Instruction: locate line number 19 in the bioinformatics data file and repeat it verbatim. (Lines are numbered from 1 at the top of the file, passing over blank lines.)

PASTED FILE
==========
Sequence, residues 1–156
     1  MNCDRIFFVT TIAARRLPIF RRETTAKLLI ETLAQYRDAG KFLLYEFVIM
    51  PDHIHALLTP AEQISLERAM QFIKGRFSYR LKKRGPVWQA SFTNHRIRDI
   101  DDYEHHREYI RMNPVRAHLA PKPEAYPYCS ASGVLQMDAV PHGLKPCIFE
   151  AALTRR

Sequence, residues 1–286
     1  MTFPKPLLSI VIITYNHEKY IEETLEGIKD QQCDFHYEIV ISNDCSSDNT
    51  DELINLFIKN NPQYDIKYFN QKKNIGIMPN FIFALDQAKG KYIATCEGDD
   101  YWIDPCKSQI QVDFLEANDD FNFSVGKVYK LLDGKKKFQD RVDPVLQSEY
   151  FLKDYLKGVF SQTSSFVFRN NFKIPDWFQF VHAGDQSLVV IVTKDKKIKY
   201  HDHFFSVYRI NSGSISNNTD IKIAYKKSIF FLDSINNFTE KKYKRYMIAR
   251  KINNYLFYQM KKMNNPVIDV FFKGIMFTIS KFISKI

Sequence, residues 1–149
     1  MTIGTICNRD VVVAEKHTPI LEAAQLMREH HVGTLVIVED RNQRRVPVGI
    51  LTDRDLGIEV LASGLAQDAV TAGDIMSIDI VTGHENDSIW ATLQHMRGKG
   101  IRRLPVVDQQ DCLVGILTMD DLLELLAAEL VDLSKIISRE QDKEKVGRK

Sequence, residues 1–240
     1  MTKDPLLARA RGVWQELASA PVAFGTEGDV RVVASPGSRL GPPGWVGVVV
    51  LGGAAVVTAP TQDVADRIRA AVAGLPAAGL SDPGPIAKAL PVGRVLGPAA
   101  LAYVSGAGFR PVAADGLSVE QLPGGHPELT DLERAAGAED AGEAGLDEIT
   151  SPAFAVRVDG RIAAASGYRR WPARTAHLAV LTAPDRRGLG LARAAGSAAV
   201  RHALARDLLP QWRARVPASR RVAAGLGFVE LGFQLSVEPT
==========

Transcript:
    51  LGGAAVVTAP TQDVADRIRA AVAGLPAAGL SDPGPIAKAL PVGRVLGPAA